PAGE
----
My name is Hermine Mbondo. I’m the founder of B4brand, a Toronto-based bilingual English/French storytelling-driven marketing agency for purpose-driven brands. While consumers are always enticed to buy more, at B4brand we believe that marketing has a greater purpose than consumerism and should empower people to buy smart, by putting their money where their heart is. So we made it our mission to create stories that connect brands that take a stand on values with people who share those values through engaging storytelling content.
For some, storytelling has lately become a marketing buzzword. For us, at B4brand, storytelling is rooted in our identity. In fact, the B in B4brand stands for:
- Brand – because we promote brands that are making a difference and have a positive impact –,
- Bilingual – since we provide our services in English and French, Canada’s official languages, but we also offer a multilingual platform – and
- Bassa – because our storytelling originates from the Bassa tribe of Cameroon, a tribe that has been using storytelling as part of their oral traditions to pass down knowledge from one generation to the next.
So, this is where my journey starts. I was born in the hinge of Africa, in a land where West and Central Africa meet. I grew up listening to these amazing tales during my summer vacations in our village. At twilight, one of my aunts would gather all the kids and start telling us stories before going to bed. Those legends, myths, tales, riddles, songs, and proverbs rocked my early childhood and inspired me to read more, write more, and somehow instilled in me a lifelong love for storytelling.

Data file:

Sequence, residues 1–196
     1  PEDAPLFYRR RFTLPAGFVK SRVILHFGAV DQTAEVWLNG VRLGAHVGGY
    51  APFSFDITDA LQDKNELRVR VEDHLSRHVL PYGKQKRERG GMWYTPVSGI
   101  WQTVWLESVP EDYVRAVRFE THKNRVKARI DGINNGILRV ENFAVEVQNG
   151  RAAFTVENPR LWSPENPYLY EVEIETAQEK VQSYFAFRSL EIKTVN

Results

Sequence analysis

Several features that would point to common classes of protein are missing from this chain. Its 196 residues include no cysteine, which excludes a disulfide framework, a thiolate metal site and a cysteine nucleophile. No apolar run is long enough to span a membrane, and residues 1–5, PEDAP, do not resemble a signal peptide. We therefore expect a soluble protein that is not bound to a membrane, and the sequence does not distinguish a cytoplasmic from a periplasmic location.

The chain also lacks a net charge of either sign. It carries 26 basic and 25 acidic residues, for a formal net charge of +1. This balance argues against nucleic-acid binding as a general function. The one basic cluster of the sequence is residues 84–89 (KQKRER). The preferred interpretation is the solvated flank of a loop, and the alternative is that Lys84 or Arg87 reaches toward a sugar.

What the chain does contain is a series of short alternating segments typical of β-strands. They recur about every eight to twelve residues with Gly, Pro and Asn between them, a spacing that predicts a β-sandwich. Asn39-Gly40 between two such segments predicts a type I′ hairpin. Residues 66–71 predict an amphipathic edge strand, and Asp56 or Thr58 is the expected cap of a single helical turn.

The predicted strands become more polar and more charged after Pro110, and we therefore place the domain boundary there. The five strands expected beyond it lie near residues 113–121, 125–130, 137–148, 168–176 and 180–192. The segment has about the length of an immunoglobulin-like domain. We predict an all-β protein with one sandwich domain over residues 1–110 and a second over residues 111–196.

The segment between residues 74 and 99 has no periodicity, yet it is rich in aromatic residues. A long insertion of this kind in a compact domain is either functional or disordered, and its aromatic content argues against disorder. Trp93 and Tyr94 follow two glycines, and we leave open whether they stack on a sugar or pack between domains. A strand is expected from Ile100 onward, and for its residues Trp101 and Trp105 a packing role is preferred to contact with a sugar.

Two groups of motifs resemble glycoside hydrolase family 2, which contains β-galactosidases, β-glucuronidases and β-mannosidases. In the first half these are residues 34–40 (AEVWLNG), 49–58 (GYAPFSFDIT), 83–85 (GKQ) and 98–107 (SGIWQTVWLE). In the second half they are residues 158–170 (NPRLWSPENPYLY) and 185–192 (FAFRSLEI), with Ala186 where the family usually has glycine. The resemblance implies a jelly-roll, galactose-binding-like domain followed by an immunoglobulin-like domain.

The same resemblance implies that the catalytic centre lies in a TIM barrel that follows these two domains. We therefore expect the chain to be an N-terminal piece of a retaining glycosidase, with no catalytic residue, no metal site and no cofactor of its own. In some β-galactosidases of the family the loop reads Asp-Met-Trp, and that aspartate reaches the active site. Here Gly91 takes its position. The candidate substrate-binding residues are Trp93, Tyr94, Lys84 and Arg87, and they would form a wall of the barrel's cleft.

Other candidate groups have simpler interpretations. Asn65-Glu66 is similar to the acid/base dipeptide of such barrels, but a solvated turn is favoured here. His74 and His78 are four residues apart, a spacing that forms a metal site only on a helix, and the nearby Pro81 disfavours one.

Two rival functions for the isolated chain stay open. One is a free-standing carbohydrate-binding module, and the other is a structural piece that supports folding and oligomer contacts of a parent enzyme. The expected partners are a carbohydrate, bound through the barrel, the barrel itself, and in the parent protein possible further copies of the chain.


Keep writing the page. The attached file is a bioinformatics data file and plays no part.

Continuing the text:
I left my native Cameroon and moved to France at 8 years of age. Among the many things that France has given to me, education by far was the game changer. I graduated from a business school with Master’s degree in Management, majoring in Consumer Marketing, and I quickly gained international work experience, holding various marketing and communications positions in France, Canada, and the US. But it wasn’t until I moved to Toronto in April 2016 that I fully embraced entrepreneurship.
I arrived in Toronto in a snowy yet beautiful day with my suitcase, a need for a change of scenery, my Master’s degree in my pocket, and a decade’s worth of international work experience. This cosmopolitan, vibrant, and bustling city seemed just like the perfect place for a fresh start. Toronto also turned out to be a great place to start a business venture and ignited my entrepreneurial spirit. So much so that I founded B4brand in 2017 and a few months later, I turned my side hustle into a full time business in 2018.
Entrepreneurship is not an easy road. Fortunately, Toronto’s booming entrepreneurial ecosystem provides resources to support business ideas and turn them into start-ups, from settlement and community organizations, to incubators, and accelerators, to name a few. Living in such a diverse city also gave me an unique opportunity to connect with a whole portion of the African Diaspora that I knew little to nothing about before, including Africans originally from English speaking countries. In my three years in Toronto, I have met so many smart, driven professionals, entrepreneurs, and investors who share the same desire to participate in Africa’s economic development.
We might be away from the motherland. We might not even share the same experiences or the same attachment to the motherland. However, it provides great hope to witness and take part in this rising movement of individuals who each, at their own level, contributes to take control of the African narrative and write our own story, by investing in and using technology to create a better future for Africans, among so many other entrepreneurial initiatives.
B I O G R A P H Y